Belgian solar car in sixth place at championship for solar cars after bad luck

Belgian solar car in sixth place at championship for solar cars after bad luck

After the first race day, the Belgian Solar Team is sixth at the world championship for solar cars. The students of the University of Leuven were the first ones to start, but later the team got unlucky. Due to something that was dragging at the rear wheel, the team had to let some competitors go ahead. But the students are not giving up: “The race is not over yet and everything is still possible.” 

Today the world championship for solar cars started in the Australian city of Darwin. 42 teams from all over the world will drive 3021 kilometers with self-built cars.  The Belgian Punch Powertrain Solar Team started in pole position with Belgian race pilot, Bert Longin, at the wheel. Every 30 seconds a new team was allowed to start, therefore there were several solar cars driving right after each other. “For a while, we were driving alongside the big teams. All the teams were clearly in shape. Also within our team everyone was very focused, and that was a very nice moment”, says Thierry Garritsen.

However, right after the first control stop, the team noticed that the solar car was using too much energy. “That is why we decided to pull over”, says Thierry Garritsen. “We checked the car and saw that there was something dragging at the left rear wheel. We immediately fixed it and after 10 to 15 minutes, we were back on track.”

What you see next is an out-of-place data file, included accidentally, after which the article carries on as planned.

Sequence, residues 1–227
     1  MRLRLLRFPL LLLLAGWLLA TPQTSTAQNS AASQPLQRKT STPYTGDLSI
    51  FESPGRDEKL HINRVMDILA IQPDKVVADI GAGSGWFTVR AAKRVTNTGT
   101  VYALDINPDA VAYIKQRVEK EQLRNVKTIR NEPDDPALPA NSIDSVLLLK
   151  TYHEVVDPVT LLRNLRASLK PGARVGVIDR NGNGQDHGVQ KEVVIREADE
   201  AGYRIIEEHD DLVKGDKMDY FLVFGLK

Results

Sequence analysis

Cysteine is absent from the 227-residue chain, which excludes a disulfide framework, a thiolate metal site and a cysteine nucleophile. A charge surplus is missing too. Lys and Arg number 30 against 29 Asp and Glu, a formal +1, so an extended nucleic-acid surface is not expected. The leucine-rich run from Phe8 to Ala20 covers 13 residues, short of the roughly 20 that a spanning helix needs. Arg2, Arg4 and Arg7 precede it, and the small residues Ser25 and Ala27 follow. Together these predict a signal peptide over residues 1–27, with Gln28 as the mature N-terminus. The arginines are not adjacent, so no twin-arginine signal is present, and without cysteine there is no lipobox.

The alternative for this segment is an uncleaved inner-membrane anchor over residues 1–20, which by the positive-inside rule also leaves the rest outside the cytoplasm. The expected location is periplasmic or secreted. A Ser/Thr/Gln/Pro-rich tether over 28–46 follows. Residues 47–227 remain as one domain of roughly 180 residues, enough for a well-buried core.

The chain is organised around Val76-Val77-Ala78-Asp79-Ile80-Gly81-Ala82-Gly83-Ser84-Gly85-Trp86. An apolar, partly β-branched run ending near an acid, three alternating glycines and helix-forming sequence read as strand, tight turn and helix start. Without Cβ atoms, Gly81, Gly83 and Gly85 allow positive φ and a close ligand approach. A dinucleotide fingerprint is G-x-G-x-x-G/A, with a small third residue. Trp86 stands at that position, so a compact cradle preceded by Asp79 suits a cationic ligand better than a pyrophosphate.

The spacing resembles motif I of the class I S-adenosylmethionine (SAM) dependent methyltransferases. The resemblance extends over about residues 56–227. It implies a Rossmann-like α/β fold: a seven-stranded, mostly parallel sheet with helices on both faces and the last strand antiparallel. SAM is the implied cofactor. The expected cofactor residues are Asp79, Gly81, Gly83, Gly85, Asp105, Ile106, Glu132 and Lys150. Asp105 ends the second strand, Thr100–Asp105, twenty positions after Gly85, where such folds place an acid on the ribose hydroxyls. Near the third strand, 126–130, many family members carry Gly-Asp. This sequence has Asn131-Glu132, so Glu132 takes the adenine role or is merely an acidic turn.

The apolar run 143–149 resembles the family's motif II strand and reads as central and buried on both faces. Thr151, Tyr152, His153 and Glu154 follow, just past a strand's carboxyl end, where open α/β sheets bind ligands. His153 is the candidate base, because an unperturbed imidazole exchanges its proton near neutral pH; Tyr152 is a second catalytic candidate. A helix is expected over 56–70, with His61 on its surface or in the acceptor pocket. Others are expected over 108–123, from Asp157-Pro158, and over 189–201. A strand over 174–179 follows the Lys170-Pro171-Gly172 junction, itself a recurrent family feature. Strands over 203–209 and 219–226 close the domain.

Catching up

At 5pm Australian time, all the solar cars must stop driving. The Belgian Team was in sixth place at the end of the day. Right now, the solar car of the University of TU Delft has the lead. Despite the setback, the team remains positive. “Tonight, we will charge the battery until sunset. Tomorrow morning, we will start with our overtaking manoeuvre”, says Jasper Schrijvers, pilot of the Solar Team. “We are not giving up”, says Thierry Garritsen. “The race is not over yet and everything is still possible!”

The Punch 2 has 588 kilometers on the counter today. The students of the University of Leuven still have 2433 kilometers to drive before they reach their final goal, outstrip the competition. 

 

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